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Satsuma

Citrus unshiu

Satsuma mandarin, Satsuma orange, Unshu mikan, Cold hardy mandarin, Tangerine (Eng.), Naartjie (Afr.)

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This easy-peeling manderin is a winter favourite in South Africa. A mild, sweet-flavoured citrus fruit with a thin, smooth rind and seedless flesh. The colorful orange fruit against the dark green, glossy foliage makes for a striking display in any garden. The satsuma mandarin tree is the most cold-tolerant citrus of commercial importance, only the kumquat is more cold hardy.

Planning

Difficulty
Moderate
Flowering time
Summer, Spring
Fruiting time
Autumn, Winter, Spring

Harvesting

As blossoms fall to the ground, the fruits begin to form. During the fruiting stage, these small fruit will swell, becoming orange when they ripen and are ready to eat.

Propagation

Seed
Starting from seed, germinating Satsuma seeds will produce two seed leaves as they sprout. The seeds require loamy, well-drained soil for the best chance at germination. It will take about 8 years to get fruit on a tree grown from seed.
Cuttings
Citrus trees are made by grafting or budding the desired cultivar onto a suitable rootstock.

Special features

Attracts useful insects
Bees pollinate the flowers.
Pot plant
Manderin trees can be planted in pots but make sure they are well positioned in a sunny spot.

Geography

Origin
Japan
Natural climate
Temperate

Environment

Light
Full Sun
Soil moisture
Moist
Soil type
Loam, Sand
Soil PH preference
Alkaline, Neutral, Acid
Frost hardiness
Half-Hardy

Uses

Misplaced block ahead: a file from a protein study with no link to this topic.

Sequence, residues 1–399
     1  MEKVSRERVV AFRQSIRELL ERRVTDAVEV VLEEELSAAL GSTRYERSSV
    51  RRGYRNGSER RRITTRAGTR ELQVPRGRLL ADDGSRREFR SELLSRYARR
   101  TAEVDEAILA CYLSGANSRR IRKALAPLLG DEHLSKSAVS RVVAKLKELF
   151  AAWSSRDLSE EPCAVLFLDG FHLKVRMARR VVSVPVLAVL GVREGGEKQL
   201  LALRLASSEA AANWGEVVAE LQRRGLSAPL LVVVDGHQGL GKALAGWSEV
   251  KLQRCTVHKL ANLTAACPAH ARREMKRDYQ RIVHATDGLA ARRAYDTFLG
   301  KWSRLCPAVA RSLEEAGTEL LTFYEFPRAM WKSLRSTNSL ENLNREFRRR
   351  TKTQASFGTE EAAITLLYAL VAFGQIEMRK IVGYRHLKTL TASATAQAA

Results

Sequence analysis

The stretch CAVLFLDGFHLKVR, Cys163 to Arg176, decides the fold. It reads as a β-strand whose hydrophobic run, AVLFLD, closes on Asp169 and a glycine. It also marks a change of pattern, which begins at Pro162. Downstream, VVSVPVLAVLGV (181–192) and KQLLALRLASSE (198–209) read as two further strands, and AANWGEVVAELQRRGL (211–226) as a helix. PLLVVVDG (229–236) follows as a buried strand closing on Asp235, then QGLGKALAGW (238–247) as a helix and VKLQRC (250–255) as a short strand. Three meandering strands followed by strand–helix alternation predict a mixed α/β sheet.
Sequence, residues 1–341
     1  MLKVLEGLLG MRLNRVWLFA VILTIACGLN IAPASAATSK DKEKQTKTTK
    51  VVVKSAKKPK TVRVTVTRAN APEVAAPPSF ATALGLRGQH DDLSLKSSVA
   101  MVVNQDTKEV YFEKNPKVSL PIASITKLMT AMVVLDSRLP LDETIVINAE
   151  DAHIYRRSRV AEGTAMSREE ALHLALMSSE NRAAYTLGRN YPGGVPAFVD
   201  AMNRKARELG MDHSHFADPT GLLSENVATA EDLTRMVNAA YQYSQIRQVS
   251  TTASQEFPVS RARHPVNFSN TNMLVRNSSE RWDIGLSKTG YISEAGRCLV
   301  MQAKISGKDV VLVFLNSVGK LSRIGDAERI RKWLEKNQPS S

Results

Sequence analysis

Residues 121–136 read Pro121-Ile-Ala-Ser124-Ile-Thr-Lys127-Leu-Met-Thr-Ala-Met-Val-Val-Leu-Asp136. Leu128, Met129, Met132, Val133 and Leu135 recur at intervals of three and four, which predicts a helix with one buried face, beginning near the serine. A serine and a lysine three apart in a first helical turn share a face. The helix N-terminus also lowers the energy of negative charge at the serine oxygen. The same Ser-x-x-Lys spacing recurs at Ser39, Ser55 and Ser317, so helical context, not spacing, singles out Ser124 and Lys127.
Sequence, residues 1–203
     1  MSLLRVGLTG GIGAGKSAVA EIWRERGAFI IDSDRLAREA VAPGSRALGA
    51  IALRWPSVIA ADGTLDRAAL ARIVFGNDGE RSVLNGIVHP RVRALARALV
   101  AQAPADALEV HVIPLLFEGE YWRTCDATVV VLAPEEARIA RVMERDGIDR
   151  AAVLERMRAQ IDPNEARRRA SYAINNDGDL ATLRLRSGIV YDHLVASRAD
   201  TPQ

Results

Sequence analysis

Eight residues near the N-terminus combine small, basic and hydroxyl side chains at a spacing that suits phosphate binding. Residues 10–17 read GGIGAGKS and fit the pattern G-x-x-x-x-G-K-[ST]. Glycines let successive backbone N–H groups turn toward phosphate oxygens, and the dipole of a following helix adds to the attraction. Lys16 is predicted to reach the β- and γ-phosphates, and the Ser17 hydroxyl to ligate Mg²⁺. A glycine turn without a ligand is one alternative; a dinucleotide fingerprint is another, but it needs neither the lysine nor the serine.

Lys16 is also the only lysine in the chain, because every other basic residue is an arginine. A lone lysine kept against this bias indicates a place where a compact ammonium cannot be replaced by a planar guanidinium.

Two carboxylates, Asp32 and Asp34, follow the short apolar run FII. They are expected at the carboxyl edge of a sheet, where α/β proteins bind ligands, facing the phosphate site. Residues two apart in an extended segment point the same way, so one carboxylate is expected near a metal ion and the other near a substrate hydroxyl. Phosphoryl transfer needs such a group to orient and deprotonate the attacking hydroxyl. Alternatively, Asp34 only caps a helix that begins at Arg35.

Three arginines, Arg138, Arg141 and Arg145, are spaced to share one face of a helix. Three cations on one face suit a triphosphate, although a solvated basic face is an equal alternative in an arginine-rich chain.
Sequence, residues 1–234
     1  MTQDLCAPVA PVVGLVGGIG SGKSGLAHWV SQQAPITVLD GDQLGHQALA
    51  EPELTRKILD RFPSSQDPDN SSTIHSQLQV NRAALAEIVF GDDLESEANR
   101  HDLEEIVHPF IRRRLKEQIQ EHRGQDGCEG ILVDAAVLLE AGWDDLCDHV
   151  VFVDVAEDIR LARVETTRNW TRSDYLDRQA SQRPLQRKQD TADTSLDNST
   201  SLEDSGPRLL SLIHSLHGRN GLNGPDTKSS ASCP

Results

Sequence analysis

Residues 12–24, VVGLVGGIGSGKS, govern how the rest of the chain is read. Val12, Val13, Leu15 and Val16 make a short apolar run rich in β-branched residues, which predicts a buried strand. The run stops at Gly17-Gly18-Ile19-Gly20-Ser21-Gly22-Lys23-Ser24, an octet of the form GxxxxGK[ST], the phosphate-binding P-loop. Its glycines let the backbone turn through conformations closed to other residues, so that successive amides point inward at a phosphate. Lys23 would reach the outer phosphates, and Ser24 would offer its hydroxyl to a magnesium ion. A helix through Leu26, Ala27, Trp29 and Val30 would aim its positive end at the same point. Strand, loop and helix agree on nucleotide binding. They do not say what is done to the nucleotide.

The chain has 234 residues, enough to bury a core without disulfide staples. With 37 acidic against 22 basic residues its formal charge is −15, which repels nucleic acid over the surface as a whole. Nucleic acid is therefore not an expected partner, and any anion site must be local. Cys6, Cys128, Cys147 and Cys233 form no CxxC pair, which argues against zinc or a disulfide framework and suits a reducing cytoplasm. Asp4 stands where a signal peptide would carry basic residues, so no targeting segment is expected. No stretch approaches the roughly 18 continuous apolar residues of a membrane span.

Edible
The fruits are one of the sweetest citrus varieties. In Chinese cuisine the dried peel is also used.

Personality

Family
Rutaceae
Flower colour
White
Scent
Strong

Problems

The most common pest is citrus psylla, mainly affecting young trees. An infestation results in a swelling on the upper leaf caused by insects underneath the leaf. Less common are the orange dog caterpillars, which can be removed by hand and red and brown scale.
Red Scale
Red Scale
Aonidiella auranti

Companion plants

Citrus trees, fall prey to insects easily, thus some of the best citrus tree companions are those that either deter or draw away harmful bugs. Marigolds are an excellent companion crop for almost any plant because their smell drives away so many bad insects, petunias and borage will do the same. Nasturtium, on the other hand, draws aphids to it, they will choose the nasturtium rather than your citrus tree. Sometimes, companion planting under citrus trees has more to do with attracting the right bugs, some love to eat the things that love to eat your plants. Yarrow, dill, and fennel all attract lacewings and ladybugs, which feed on aphids. Lemon balm, parsley, and tansy attract tachinid fly and wasps, which kill harmful caterpillars. Another good set of citrus tree companions are legumes, such as peas and alfalfa. These plants leach nitrogen into the ground, which helps very hungry citrus trees. Let your legumes grow for a while to build up nitrogen, then cut them back to the ground to release it into the soil.

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